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3D Printing for Repairing Aerospace Parts

America Makes has launched a $4 million project to develop additive manufacturing processes for repairing aerospace parts.

According to lead contractor Optomec, the “Re-Born in the USA” project will focus on additive manufacturing technology for repair of aerospace metal components for the U.S. Air Force. The team will use Optomec’s LENS 3D metal printing technology to develop a cost-effective approach to replace welding and other traditional repair processes.

In addition to Optomec, 23 other partners will participate including GE Aviation, Lockheed Martin, Rolls-Royce, United Technologies Research Center, EWI, TechSolve, and the Connecticut Center for Advanced Technology (CCAT).

Among the base of best practices the project hopes to define will be a definition of optimum powder feedstock characteristics, improvements in process monitoring and control, and recommendations for Air Force part repair and sustainment applications.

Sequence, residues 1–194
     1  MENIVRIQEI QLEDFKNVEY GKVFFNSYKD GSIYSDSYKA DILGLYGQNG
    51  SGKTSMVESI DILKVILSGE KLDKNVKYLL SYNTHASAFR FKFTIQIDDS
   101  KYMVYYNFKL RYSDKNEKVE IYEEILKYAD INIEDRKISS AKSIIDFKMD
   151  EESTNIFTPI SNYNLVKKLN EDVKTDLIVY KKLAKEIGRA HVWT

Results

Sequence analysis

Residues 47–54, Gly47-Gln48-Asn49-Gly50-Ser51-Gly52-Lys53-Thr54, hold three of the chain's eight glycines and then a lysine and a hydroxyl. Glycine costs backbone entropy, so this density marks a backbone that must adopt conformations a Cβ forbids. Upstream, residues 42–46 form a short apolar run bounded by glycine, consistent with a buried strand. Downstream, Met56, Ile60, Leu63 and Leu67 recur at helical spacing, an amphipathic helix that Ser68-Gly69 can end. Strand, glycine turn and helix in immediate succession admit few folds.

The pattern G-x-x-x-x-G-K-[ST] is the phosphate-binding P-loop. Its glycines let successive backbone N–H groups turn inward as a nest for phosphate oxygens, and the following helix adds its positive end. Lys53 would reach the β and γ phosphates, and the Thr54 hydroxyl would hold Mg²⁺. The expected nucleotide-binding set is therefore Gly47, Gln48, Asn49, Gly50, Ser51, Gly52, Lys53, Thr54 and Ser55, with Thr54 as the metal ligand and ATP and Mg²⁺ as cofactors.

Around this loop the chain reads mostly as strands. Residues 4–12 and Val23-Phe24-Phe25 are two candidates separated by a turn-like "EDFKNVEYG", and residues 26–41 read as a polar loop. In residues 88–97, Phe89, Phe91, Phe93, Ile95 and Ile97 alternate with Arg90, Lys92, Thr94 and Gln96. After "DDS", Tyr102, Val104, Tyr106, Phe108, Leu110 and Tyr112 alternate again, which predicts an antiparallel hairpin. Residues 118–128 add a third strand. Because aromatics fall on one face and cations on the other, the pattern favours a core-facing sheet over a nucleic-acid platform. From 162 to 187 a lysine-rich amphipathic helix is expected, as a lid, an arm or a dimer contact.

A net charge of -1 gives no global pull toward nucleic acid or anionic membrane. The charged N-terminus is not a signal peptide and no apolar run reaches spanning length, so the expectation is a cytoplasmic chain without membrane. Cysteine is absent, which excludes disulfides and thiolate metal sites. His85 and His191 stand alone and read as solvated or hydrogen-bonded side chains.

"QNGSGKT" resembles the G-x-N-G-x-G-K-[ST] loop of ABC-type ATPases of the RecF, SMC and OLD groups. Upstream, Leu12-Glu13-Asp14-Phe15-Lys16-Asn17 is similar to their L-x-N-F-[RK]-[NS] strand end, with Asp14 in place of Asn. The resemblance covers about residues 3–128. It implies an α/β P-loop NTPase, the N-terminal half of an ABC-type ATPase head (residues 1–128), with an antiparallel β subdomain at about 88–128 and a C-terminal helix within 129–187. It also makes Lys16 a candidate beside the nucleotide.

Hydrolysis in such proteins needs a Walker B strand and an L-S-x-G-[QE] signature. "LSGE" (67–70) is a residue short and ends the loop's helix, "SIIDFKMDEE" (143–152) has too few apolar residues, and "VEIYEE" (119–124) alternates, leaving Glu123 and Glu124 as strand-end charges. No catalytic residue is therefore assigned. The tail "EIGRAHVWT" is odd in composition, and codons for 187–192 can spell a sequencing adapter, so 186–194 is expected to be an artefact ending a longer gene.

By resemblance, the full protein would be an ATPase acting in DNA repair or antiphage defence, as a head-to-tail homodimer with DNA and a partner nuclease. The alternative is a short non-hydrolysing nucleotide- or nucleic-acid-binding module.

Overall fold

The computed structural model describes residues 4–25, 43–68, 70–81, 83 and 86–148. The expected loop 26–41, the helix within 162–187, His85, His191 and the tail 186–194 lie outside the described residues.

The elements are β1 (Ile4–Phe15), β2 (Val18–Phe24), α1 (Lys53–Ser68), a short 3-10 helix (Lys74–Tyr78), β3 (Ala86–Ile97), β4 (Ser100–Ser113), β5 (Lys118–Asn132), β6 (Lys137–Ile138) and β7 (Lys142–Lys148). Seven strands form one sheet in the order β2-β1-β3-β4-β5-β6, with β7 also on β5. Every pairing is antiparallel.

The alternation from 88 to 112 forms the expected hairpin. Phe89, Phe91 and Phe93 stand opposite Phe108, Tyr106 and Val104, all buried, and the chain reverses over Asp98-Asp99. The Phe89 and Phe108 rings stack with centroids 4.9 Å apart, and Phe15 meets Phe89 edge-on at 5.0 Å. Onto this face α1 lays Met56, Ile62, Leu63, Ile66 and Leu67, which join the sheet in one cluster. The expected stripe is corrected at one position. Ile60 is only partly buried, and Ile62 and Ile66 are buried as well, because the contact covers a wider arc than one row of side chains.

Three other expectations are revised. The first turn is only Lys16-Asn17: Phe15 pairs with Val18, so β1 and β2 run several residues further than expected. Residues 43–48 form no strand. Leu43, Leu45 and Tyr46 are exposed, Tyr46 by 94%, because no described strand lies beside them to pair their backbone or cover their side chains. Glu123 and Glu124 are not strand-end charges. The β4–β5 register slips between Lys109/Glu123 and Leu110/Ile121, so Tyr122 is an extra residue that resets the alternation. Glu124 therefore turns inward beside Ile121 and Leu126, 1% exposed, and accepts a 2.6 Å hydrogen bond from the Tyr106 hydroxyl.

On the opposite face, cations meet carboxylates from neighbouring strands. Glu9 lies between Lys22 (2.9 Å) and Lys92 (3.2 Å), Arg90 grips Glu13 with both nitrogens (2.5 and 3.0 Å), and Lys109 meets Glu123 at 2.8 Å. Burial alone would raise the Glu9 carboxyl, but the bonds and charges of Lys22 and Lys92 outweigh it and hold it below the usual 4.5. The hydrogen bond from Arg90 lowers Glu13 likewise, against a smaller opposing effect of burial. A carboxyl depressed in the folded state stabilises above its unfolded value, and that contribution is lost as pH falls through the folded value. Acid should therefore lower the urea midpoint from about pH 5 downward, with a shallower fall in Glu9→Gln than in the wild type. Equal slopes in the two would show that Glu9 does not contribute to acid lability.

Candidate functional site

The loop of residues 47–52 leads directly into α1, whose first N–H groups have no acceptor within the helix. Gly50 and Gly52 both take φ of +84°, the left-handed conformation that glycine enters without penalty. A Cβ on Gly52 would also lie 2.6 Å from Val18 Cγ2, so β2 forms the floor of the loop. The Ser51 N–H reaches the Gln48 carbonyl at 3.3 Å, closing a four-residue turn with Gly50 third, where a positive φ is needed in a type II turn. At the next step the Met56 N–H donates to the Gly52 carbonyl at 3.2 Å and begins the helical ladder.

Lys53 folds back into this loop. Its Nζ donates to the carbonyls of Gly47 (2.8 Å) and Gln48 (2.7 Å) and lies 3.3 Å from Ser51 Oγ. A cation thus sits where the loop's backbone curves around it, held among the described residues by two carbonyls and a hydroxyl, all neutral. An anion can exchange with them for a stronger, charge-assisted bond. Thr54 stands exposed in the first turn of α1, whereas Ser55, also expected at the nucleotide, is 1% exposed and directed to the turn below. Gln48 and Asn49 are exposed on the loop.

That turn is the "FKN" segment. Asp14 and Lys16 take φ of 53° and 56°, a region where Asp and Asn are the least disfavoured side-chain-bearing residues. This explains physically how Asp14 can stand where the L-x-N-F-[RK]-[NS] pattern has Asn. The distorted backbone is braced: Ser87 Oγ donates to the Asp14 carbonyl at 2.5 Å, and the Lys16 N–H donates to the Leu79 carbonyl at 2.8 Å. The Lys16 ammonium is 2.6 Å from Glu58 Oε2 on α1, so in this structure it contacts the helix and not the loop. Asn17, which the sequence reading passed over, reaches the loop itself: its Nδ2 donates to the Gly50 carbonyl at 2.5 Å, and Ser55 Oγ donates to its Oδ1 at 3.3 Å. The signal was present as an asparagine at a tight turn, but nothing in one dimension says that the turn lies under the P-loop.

The LENS (Laser Engineered Net Shaping) technology can add metal onto an existing substrate in nearly any three-dimensional shape. LENS was originally developed at Sandia National Laboratories, and uses laser power up to 4 kW to fuse metal powders into 3D structures using CAD models.

Based in Youngstown, OH, America Makes is a federally funded additive manufacturing consortium that is part of the National Network for Manufacturing Innovation (NNMI) institutes driven by the National Center for Defense Manufacturing and Machining (NCDMM).

Optomec was previously awarded two other America Makes projects focused on developing a low-cost LENS engine for machine tools, and developing defect-free metallic 3D LENS printing.

Source: Optomec

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